What is hypermobility?
Authored by Laura Cruz.
The term ‘hypermobile’ simply means that your joints are more bendy than usual. Being hypermobile is not necessarily a medical condition and it may even be an advantage to certain people (dancers, musicians and athletes).
However, if the hypermobility in your joints starts to give you other symptoms such as pain, you may have joint hypermobility syndrome.
What causes Joint Hypermobility Syndrome?
- Ligaments – with hypermobility syndrome, joints can become lax because the body’s connective tissue is too stretchy. The collagen fibres in the ligaments (which usually give them strength) is altered by chemical processes in the body and there is strong evidence to suggest this may be genetic.
- Bones – although not a common cause of hypermobility, if your socket joints are particularly shallow (shoulders, hips) this may increase the movement in the joints and cause subluxations or dislocations.
- Muscle tone – if muscle tone is an issue or if your muscles are weak, this may affect the support around the joints.
- Joint proprioception – joint hypermobility may alter the way someone can sense the joint movements in space.
What are the symptoms of Joint Hypermobility Syndrome?
- Bendy joints.
- Pain – this is common, especially if you are suffering injuries as a result of the bendy joints (e.g. strains and sprains).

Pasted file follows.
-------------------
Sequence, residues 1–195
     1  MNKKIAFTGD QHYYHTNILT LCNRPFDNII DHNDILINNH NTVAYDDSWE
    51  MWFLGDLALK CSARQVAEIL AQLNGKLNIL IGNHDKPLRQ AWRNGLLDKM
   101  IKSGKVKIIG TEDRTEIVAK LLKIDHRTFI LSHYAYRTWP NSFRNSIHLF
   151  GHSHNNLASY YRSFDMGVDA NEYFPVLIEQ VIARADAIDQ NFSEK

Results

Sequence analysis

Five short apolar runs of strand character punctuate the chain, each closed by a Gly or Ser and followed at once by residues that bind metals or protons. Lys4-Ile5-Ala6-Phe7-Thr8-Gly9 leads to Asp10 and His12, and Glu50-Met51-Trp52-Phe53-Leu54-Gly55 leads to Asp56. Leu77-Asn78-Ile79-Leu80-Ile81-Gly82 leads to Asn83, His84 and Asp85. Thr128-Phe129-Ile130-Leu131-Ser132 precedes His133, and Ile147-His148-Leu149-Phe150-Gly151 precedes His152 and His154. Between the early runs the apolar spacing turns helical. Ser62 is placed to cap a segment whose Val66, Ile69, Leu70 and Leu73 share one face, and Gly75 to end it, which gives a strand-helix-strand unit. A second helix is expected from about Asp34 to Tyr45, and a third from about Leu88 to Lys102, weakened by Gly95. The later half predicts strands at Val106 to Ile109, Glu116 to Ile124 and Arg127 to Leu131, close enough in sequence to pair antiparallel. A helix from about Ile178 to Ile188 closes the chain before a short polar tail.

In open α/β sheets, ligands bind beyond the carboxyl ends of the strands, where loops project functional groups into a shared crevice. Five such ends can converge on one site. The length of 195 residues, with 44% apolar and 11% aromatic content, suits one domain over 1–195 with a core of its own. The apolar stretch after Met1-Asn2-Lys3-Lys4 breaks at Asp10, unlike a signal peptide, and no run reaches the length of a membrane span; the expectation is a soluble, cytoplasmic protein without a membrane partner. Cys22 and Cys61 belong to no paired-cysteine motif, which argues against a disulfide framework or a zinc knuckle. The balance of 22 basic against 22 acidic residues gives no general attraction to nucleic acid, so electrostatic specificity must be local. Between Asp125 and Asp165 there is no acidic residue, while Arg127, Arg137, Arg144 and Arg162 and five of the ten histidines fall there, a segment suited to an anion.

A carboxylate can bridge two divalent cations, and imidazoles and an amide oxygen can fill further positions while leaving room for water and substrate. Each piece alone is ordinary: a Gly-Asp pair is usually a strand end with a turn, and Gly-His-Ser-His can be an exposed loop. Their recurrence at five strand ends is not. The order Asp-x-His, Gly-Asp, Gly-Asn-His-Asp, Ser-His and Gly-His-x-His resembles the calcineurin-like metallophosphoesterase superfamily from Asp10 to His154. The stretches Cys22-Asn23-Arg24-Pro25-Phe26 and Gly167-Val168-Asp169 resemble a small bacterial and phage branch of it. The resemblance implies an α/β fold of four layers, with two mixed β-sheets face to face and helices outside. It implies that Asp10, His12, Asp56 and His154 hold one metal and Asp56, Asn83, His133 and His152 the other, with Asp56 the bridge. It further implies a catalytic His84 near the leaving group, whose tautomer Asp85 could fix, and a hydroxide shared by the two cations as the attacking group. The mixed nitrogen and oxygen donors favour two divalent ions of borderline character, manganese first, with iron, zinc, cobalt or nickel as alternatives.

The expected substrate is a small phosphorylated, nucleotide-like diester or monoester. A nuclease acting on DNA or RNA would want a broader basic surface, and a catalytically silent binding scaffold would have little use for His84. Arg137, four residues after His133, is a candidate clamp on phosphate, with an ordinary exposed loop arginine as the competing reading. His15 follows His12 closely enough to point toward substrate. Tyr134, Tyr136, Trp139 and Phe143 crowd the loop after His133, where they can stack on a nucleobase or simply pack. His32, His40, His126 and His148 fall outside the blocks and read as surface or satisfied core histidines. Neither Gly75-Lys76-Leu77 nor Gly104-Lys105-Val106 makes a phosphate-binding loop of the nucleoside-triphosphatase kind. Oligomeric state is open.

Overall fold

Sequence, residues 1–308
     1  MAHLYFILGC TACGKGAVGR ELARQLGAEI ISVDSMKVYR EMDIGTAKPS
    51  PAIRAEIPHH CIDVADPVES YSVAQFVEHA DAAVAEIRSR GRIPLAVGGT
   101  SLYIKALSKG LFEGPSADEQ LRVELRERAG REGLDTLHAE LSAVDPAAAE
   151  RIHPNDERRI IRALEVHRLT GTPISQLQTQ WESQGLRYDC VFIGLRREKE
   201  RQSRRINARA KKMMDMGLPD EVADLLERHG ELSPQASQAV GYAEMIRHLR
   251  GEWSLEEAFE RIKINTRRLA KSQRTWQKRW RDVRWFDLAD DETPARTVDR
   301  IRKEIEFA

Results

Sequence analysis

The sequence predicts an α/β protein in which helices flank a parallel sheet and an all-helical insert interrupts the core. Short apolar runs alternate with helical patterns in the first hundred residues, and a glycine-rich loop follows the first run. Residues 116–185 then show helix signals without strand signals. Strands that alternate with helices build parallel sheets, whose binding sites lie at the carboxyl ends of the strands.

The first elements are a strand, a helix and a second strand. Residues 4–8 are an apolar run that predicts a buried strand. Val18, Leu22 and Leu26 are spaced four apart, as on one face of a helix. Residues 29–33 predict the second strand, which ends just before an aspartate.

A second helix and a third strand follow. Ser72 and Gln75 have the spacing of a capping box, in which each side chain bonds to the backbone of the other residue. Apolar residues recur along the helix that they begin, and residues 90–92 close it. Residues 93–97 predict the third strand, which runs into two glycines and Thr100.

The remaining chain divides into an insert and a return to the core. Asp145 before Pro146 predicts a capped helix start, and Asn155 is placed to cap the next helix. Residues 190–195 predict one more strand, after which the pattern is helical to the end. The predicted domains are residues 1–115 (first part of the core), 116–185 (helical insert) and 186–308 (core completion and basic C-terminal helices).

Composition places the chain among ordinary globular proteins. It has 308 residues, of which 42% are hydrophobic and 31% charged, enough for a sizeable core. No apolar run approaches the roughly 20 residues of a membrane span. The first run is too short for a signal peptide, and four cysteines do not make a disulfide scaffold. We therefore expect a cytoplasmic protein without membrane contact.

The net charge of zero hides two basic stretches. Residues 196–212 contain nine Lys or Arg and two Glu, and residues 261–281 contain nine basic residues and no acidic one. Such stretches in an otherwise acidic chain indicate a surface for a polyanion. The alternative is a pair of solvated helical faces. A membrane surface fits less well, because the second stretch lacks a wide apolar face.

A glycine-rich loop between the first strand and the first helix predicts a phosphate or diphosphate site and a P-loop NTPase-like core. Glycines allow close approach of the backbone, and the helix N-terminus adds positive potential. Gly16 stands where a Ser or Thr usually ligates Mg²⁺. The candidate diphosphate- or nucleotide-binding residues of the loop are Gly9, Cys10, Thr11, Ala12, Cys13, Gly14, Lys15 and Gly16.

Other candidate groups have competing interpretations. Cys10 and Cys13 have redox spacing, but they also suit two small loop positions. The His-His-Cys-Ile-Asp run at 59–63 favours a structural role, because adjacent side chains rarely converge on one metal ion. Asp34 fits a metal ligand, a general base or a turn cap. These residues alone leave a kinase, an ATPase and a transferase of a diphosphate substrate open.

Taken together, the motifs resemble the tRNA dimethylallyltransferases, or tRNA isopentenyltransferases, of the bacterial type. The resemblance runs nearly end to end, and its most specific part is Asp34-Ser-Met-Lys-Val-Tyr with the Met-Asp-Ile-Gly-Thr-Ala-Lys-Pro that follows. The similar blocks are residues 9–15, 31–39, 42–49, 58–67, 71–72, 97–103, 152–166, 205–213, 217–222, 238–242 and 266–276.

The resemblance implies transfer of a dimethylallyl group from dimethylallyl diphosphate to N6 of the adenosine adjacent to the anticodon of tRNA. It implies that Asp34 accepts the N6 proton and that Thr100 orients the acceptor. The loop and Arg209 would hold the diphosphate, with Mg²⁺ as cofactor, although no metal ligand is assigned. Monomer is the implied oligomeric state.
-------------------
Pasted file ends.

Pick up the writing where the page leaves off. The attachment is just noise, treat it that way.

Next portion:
- Muscle stiffness – this may occur due to fluid in the joints as a result of your body trying to heal any small injuries.
- Fatigue – your muscles may have to work twice as hard to stabilise the joints and this can make you feel more tired.
- Joint dislocations of subluxations.
The hypermobility spectrum is large and whilst some people have pain but still manage this with physiotherapy or medication, others may struggle because they have a Heritable Disorder of Connective Tissue (HDCT). These are more serious conditions and include things like Ehlers-Danlos syndrome, Marfan syndrome, Osteogenesis Imperfecta and Stickler syndrome.
For more information go to https://www.arthritisresearchuk.org/arthritis-information/conditions/joint-hypermobility.aspx
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